When is equipment placed in service for purposes of claiming depreciation under Section 179?
Taxpayer Says: Equipment purchased in 2002 and 2003 was not placed in service until 2004 and that is the year the Section 179 depreciation deduction should be claimed.
Internal Revenue Service Says: The equipment was placed in service in 2002 and 2003. The Section 179 deduction should not be claimed in 2004.
From Internal Revenue Code Section 167: Provides for a depreciation deduction for the exhaustion, wear and tear, or obsolescence of property used in a trade or business.
From Internal Revenue Code Section 179(a) and (b): Allows a taxpayer to elect to deduct as a current expense, within certain dollar limitations, the cost of property acquired by purchase for use in the active conduct of a trade or business in the year such property is placed in service.
From Federal Tax Regulation 1.167(a)-10(b): The period of depreciation begins when the asset is placed in service.
From Federal Tax Regulation 1.167(a)-11(e)(1)(i) and 1.179-4(e): “Placed in service” means the time property is first placed by the taxpayer in a condition or state of readiness and availability for a specifically assigned function, whether for use in a trade or business, for the production of income, in a tax-exempt activity, or in a personal activity.
Armstrong World Indus., Inc. v. Commissioner, 974 F.2d 422, 430 (3d Cir. 1992): Individual components are treated as a single property for tax purposes when they are functionally interdependent.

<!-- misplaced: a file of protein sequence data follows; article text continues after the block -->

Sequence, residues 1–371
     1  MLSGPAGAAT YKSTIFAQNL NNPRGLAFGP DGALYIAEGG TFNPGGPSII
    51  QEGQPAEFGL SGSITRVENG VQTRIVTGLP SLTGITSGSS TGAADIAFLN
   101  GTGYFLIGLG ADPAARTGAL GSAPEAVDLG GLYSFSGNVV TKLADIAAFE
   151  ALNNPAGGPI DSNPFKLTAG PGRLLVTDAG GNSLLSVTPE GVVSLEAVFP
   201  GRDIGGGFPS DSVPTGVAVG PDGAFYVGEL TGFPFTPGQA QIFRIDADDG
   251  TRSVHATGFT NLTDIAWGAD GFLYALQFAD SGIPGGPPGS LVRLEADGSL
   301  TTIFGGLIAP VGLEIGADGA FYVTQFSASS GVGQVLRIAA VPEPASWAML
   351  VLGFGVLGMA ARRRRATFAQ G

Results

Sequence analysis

THE CAUSE OF THE DISPUTE
One stipulation for claiming a depreciation deduction is that assets you buy for your business must be “placed in service” before you can start depreciating them. According to nonauthoritative IRS documentation (FSA 199916040), “placed in service” generally means you’ve installed the assets and are using them in your business operations. Assets may also be considered placed in service when they are ready and available to actually be used.
In a situation where equipment is made up of various components, the components typically meet the “placed in service” requirement when they are functionally ready to perform their intended purpose.
In this case, the dispute arises over the question of whether equipment was ready to be used when it was purchased, or at a later date when individual components were interconnected.
The taxpayer bought computer and musical equipment for his studio recording business during 2002 and 2003. He tested individual components of the equipment in those years, but did not connect the components to each other until 2004. Taxpayer believes 2004 is the proper year to claim a Section 179 depreciation deduction for the equipment because that is when the equipment was functional and business use began.
The IRS says the act of testing the equipment means it was ready and available for its specifically assigned function. Since the testing occurred in prior years, 2004 is not the correct year to claim the Section 179 deduction.
WHAT WOULD YOU DECIDE?
Make your selection, then see “The Court’s Decision” below for a full explanation
THE COURT’S DECISION
HL Carpenter, an experienced investor and a CPA, specializes in reader friendly articles on taxes and investing for individuals and small businesses, and publishes two newsletters: Taxing Lessons and Top Drawer Ink. Visit TaxingLessons.com and HLCarpenter.com.
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